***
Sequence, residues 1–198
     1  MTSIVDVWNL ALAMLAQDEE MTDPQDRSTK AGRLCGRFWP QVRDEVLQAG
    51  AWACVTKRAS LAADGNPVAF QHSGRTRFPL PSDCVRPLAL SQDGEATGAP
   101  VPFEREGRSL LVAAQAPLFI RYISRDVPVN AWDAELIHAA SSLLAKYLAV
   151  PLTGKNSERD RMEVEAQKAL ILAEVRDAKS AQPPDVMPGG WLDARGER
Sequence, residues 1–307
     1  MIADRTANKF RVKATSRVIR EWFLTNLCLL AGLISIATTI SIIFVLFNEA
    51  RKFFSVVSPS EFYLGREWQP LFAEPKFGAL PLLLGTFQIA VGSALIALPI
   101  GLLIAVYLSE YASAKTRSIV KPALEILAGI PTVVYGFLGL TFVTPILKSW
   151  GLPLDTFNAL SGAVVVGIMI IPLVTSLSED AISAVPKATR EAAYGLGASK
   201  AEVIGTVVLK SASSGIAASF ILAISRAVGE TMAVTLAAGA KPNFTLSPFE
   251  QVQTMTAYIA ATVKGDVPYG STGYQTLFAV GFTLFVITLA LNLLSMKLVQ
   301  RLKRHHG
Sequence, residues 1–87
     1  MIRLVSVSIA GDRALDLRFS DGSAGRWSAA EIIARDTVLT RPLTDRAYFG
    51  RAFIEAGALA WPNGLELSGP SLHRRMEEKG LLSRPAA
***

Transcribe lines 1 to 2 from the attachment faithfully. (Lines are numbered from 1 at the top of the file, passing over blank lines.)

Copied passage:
Sequence, residues 1–198
     1  MTSIVDVWNL ALAMLAQDEE MTDPQDRSTK AGRLCGRFWP QVRDEVLQAG